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Old 06-18-2010, 09:47 AM   #101
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1964 24' Tradewind
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the yellow thing is a Aluminum Air Tank that may have been converted at some time. I have one like this and one that is 1/4 that size. I have been told that they were used on everything from B-52 's to old cargo trucks. I am not sure what they actually came from, but I have seen them used as portable air tanks, Gas tanks, Air brake and air bag tanks. And now a hot water heater tank. Which seems pretty strange since the aluminum would tend to wick the heat out of the water and into the trailer. But who knows.

Nice trailer.
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Quote:
Originally Posted by 66Overlander View Post
And finally, here are a couple middle interior photo's, including one of a the stangest Water Heater I have ever seen under the front dinette seat. It appears to be a 110VAC electric only model and is shaped like a scuba tank. It and the electric air pump to pressurize the water system were also added in the 1970's, I assume.

Also attached are some photo's of the extra parts I picked up along the return trip in New York and Pennsylvania to aid me in the restoration. Among the bigger pickups was the stove, drawers, and countertop from a 1956 Safari, and the toilet from a 1962 Overlander. I also got a lot of micellaneous smaller parts, knobs and light fixtures, etc.
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Old 06-20-2010, 04:43 AM   #102
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1962 26' Overlander
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Elevator bolts... the topic of many HOT debates over the years....

When restoring something it has always been the rule to put it back as it was. I always thought elevator bolts were the way to go. I am currently working on a 1973 Safari. The entire thing was screwed down using #14 self drillers. The perimeter was bolted to the out riggers using elevator bolts. Which would you think worked best? The self drillers hands down. Not one single screw has popped. Not one single screw pulled though. Not one single screw rusted away or even rusted for that matter. On the other hand more than half the elevator bolts were seriously compromised. Many broke off years ago. Many were pulled though. They were all rusted very badly. I have serious questions as to their claim to be the right thing to use.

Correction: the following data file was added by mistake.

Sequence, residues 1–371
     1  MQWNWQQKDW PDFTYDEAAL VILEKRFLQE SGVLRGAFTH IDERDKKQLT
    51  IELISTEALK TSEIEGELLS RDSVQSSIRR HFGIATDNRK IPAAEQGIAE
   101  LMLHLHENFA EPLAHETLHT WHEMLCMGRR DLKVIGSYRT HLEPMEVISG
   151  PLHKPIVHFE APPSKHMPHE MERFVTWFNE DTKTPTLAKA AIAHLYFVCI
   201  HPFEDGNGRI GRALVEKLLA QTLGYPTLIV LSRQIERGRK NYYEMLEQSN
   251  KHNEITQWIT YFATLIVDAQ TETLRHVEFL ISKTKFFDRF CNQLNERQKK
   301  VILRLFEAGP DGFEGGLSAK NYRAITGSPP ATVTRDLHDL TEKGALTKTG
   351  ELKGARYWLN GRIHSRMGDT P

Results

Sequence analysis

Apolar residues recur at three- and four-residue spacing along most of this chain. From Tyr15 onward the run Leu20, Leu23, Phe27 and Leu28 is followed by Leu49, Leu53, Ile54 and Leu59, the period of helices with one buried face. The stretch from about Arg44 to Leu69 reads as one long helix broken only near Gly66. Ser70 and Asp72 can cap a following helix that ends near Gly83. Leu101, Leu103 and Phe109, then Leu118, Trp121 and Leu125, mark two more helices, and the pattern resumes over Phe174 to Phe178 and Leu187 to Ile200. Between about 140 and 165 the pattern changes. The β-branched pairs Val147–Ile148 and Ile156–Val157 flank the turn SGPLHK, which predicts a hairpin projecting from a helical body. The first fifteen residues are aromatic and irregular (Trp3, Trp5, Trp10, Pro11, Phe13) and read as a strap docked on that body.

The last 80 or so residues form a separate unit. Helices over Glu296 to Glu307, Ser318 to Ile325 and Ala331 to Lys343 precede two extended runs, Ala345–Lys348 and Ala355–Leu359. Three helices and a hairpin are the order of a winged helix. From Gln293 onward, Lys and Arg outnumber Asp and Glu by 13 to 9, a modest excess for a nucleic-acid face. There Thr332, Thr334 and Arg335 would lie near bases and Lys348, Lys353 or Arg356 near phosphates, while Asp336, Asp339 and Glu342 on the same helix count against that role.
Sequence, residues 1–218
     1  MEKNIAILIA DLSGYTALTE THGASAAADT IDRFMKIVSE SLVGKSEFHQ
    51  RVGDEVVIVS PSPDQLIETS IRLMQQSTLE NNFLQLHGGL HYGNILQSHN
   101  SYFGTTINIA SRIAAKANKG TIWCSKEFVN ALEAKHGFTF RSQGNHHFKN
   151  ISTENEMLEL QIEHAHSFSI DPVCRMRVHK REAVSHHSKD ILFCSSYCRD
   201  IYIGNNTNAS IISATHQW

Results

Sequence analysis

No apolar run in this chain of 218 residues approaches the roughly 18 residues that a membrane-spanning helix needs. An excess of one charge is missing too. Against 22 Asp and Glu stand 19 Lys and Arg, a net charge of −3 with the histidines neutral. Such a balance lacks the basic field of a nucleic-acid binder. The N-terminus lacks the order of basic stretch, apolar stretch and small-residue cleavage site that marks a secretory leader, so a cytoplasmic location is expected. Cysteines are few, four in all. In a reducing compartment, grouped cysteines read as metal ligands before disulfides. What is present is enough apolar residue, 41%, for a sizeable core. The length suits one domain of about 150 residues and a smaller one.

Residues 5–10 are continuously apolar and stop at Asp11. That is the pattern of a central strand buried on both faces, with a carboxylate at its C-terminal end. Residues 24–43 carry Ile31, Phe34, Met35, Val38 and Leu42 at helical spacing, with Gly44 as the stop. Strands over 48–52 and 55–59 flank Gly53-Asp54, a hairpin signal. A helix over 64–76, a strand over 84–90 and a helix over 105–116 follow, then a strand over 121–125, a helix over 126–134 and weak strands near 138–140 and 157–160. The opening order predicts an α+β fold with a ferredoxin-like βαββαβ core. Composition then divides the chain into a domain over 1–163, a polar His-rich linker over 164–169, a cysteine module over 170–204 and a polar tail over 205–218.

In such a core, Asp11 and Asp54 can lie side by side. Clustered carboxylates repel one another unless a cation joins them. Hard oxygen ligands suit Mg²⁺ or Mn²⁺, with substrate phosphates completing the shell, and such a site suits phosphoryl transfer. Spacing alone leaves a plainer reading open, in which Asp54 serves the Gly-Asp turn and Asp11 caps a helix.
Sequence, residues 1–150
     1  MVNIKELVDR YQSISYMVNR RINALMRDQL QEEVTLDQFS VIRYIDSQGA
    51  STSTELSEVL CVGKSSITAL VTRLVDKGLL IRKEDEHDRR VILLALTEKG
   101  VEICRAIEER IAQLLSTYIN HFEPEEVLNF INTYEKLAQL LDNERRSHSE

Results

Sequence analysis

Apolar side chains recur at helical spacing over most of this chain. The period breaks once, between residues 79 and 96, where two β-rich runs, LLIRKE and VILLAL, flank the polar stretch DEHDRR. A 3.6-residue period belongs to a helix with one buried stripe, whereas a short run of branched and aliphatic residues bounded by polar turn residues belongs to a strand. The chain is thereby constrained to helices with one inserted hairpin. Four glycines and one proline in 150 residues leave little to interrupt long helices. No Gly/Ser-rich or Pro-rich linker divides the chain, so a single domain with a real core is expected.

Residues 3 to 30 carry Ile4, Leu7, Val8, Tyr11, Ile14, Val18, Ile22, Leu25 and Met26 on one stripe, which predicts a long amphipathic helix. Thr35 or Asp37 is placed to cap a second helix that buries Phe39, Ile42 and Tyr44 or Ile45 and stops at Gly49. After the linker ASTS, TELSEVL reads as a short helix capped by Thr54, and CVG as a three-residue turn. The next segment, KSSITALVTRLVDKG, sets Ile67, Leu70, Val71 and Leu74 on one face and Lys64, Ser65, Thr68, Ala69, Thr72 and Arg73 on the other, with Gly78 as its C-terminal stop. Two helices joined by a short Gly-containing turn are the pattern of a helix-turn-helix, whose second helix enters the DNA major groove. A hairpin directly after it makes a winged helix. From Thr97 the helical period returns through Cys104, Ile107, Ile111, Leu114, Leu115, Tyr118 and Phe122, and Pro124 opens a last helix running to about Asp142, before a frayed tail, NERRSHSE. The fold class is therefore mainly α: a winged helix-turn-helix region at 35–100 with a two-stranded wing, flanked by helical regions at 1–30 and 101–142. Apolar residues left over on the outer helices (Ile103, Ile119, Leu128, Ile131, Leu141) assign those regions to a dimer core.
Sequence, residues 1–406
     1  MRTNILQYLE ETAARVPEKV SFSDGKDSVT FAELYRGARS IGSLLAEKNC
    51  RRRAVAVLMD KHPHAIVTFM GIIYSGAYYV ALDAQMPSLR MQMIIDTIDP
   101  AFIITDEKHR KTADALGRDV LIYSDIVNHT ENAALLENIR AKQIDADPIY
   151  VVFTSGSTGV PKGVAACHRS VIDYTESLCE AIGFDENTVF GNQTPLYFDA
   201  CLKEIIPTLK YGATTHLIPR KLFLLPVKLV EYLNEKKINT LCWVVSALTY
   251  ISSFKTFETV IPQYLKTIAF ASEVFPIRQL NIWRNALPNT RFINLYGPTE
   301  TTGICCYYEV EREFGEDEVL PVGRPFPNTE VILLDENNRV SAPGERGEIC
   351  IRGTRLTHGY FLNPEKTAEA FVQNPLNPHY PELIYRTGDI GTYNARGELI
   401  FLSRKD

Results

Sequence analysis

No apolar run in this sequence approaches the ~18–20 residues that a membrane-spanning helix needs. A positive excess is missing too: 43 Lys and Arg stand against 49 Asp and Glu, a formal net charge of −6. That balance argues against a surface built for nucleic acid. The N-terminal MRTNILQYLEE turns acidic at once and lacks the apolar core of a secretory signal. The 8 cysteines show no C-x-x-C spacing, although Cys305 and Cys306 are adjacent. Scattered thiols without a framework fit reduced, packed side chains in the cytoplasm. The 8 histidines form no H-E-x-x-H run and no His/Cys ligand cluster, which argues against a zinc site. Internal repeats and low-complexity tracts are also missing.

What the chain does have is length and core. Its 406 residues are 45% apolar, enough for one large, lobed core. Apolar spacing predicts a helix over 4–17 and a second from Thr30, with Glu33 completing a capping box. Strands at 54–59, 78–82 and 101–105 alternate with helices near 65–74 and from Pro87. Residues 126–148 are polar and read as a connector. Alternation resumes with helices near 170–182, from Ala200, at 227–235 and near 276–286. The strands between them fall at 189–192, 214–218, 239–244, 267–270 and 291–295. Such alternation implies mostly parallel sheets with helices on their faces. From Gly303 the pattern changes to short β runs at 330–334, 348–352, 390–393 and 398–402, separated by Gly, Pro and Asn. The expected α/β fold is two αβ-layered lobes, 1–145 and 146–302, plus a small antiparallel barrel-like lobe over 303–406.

Joe, the only criticism of the screws I have is you might have used too many.
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Old 06-20-2010, 05:53 AM   #103
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I think we've decided that another AS is in order; we're trying to choose between an Overlander or a Safari (kinda leaning towards the Safari)

Any thoughts?
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Old 06-20-2010, 06:34 PM   #104
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Quote:
Originally Posted by 62overlander View Post
Elevator bolts... the topic of many HOT debates over the years....

When restoring something it has always been the rule to put it back as it was. I always thought elevator bolts were the way to go. I am currently working on a 1973 Safari. The entire thing was screwed down using #14 self drillers. The perimeter was bolted to the out riggers using elevator bolts. Which would you think worked best? The self drillers hands down. Not one single screw has popped. Not one single screw pulled though. Not one single screw rusted away or even rusted for that matter. On the other hand more than half the elevator bolts were seriously compromised. Many broke off years ago. Many were pulled though. They were all rusted very badly. I have serious questions as to their claim to be the right thing to use.

Joe, the only criticism of the screws I have is you might have used too many.
I am not trying to defend the elevator bolt, or say you are wrong Frank, I would never, but, the channel between the skins is where most water that tends to seep in collects or water off the runs under. To compare the outer channel to the inner floor is not apples to apples.

Also as the trailer as a whole moves and rotates I would think that the stresses are greatest on the outside which is being held down by our friends the elevator bolts.

I would, what ever you use, use more on the channels where they meet the outriggers and in between and space them close, the closer you get along the outriggers to the wall. That is where they are going to fail first.
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Old 06-29-2010, 06:09 PM   #105
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Quote:
Originally Posted by FC7039 View Post